Obama bans offshore drilling in 115M more acres in Atlantic, Arctic

By Doug G. Ware   |   Updated Dec. 21, 2016 at 6:27 AM

WASHINGTON, Dec. 20 (UPI) -- President Barack Obama announced Tuesday that he has removed hundreds of millions of acres of federal land in the Atlantic and Arctic from potential offshore oil and gas drilling -- a move that could further complicate pledges made by President-elect Donald Trump to increase domestic oil production.

Obama used the Outer Continental Shelf Lands Act to protect 115 million acres of land in the Chukchi and Beaufort seas in the Arctic, and offshore acreage from Massachusetts to Virginia in the Atlantic.

The White House said the announcement is part of a joint project between the United States and Canada to protect vulnerable lands from offshore drilling.

"Today, President Obama and Prime Minister [Justin] Trudeau are proud to launch actions ensuring a strong, sustainable and viable Arctic economy and ecosystem, with low-impact shipping, science based management of marine resources, and free from the future risks of offshore oil and gas activity," the White House said in a statement. "Together, these actions set the stage for deeper partnerships with other Arctic nations, including through the Arctic Council."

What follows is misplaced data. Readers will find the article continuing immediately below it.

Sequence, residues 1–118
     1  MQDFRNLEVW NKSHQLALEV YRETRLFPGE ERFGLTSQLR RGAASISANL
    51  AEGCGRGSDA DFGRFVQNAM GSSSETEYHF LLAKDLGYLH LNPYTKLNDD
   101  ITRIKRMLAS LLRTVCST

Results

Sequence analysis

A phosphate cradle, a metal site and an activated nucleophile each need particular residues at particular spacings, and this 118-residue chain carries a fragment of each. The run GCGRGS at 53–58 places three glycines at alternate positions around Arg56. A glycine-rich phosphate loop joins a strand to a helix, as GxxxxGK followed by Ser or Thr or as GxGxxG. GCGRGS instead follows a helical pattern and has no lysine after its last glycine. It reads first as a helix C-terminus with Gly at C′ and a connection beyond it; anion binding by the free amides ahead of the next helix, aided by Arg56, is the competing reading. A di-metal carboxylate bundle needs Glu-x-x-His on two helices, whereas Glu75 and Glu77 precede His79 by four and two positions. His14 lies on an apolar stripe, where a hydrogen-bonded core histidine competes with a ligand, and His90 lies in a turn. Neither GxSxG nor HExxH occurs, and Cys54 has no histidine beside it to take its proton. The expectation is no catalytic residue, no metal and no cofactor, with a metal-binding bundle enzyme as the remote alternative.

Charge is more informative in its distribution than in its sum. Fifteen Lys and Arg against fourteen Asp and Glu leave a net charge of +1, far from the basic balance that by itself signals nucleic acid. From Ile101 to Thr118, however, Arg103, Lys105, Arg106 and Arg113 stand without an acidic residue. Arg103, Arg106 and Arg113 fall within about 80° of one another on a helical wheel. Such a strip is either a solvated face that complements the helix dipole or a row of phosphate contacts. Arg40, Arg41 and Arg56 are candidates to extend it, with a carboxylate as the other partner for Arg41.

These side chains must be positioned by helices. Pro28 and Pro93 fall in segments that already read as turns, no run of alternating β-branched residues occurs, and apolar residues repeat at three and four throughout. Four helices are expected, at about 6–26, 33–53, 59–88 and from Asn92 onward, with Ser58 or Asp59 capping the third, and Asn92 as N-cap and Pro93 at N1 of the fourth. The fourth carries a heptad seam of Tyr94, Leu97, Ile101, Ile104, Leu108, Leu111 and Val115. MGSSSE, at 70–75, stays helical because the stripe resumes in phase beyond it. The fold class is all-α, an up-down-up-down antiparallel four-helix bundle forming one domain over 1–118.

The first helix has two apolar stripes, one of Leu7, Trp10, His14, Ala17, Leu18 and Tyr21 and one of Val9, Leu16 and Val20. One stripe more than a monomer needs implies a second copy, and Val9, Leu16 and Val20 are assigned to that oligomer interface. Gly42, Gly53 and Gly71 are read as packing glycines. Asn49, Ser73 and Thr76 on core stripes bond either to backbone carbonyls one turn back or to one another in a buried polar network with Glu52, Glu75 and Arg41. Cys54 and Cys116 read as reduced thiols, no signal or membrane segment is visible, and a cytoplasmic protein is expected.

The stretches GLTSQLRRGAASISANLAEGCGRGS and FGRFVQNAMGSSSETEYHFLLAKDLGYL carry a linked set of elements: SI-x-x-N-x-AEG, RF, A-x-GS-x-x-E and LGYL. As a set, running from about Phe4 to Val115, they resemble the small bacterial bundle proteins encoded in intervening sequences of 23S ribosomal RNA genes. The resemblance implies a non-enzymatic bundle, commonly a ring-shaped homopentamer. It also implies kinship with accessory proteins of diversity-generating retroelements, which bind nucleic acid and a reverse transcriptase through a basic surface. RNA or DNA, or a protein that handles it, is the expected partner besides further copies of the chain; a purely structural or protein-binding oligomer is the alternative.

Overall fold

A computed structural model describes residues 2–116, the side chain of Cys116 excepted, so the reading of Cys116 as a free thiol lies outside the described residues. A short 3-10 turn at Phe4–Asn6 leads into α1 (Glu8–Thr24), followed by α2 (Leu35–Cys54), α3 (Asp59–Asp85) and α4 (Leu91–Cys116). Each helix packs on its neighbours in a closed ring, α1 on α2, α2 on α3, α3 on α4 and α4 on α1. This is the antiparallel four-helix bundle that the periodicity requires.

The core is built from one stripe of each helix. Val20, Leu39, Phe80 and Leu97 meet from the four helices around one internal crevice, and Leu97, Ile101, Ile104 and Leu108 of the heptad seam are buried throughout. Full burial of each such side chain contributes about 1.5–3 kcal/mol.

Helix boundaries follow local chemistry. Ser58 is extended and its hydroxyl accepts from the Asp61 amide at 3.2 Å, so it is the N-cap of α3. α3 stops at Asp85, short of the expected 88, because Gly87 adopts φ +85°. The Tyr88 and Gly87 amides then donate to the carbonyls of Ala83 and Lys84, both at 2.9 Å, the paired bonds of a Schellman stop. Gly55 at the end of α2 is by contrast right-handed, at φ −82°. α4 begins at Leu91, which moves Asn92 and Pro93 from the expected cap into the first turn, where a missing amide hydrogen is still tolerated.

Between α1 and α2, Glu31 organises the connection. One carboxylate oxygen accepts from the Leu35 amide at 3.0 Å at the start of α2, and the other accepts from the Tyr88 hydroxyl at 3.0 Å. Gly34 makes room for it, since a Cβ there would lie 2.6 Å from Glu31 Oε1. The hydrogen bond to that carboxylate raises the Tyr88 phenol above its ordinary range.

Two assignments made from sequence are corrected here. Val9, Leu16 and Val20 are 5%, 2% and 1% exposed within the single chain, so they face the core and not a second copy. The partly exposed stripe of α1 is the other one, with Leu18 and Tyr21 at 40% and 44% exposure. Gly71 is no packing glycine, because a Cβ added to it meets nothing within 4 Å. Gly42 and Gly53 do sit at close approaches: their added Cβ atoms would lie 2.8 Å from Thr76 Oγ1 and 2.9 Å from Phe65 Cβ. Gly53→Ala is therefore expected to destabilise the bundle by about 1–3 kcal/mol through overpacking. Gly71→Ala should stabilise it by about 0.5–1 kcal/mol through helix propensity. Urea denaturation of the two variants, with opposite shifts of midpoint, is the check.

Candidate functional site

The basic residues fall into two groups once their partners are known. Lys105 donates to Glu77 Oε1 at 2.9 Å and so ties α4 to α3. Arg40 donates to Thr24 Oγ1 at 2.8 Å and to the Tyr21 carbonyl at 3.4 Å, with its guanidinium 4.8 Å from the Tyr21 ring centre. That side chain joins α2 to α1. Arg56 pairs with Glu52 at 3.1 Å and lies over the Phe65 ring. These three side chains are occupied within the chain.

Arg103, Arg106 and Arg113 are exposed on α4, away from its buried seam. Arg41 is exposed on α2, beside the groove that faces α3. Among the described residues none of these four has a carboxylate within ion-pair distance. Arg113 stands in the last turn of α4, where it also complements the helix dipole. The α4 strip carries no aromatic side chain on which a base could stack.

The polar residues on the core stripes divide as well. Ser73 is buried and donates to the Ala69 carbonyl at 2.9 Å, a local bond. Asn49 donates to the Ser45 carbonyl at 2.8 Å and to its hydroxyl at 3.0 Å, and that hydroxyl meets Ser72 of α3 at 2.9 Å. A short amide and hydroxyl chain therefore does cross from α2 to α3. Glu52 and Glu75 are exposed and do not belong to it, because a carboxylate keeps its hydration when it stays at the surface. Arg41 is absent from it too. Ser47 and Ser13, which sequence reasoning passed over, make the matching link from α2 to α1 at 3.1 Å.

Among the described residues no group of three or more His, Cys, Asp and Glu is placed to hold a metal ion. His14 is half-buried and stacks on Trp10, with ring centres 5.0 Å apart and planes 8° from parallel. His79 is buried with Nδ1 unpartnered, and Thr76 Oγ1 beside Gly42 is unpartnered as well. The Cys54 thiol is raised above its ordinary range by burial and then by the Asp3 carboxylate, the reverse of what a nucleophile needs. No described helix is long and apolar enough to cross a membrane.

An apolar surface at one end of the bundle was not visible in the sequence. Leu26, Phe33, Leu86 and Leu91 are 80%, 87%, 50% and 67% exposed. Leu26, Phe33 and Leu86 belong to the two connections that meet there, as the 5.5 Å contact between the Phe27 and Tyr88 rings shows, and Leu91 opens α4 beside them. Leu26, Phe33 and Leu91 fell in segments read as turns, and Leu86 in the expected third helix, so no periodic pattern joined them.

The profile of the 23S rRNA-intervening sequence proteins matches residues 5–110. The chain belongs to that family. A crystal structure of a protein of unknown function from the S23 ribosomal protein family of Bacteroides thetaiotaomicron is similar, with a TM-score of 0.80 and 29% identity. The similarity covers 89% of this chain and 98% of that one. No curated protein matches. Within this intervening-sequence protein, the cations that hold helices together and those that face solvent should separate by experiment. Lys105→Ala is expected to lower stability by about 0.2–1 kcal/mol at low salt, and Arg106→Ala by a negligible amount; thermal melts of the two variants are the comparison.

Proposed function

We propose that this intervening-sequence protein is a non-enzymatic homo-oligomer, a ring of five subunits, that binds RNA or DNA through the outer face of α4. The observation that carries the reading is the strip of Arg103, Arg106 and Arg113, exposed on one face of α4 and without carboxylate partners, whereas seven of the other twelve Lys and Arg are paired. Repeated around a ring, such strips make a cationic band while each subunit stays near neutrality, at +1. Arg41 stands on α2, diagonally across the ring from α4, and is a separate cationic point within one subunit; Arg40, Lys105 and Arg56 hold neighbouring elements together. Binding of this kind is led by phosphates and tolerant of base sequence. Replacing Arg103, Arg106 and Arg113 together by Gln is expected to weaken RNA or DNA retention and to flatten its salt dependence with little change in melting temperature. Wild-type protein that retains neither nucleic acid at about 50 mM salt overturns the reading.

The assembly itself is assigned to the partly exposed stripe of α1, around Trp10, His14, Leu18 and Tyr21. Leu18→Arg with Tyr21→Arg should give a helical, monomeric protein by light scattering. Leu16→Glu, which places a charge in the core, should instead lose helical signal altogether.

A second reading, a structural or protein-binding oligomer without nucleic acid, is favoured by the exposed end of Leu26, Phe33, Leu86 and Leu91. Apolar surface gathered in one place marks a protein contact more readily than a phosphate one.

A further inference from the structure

It was previously reported that Obama was mulling a drilling ban under authority of the Outer Continental Shelf Lands Act.

Obama's administration said the new protections are motivated by a desire to preserve ecosystems, wildlife and native environments from the harmful potential of an oil spill, as well as other fallout that could occur from large-scale drilling.

"The United States is designating the vast majority of U.S. waters in the Chukchi and Beaufort seas as indefinitely off limits to offshore oil and gas leasing, and Canada will designate all Arctic Canadian waters as indefinitely off limits to future offshore Arctic oil and gas licensing, to be reviewed every five years through a climate and marine science-based life-cycle assessment," the White House continued.

"Today was a good day for the Arctic," a video posted by the White House stated. "Good for the walrus. Good for the seal. Good for the planet. President Obama has conserved more land and water than any president in history."

Officials also said both nations are working to prevent unregulated commercial fisheries in the Arctic High Seas until an internationally recognized Regional Fishery Management Organization is put in place.

"Both countries are working towards such an agreement in the coming months," they said.

The ban could create more problems for Trump if he seeks to increase drilling in the Arctic, as he pledged during his campaign.

Last month, the Department of the Interior's five-year plan for 2017-22 made two other key areas of the Arctic off limits to drilling.

Trump could possibly undo the ban, particularly with a Republican-controlled Congress, but it's unclear how that would be accomplished and how long it would take before drilling could start on those lands.

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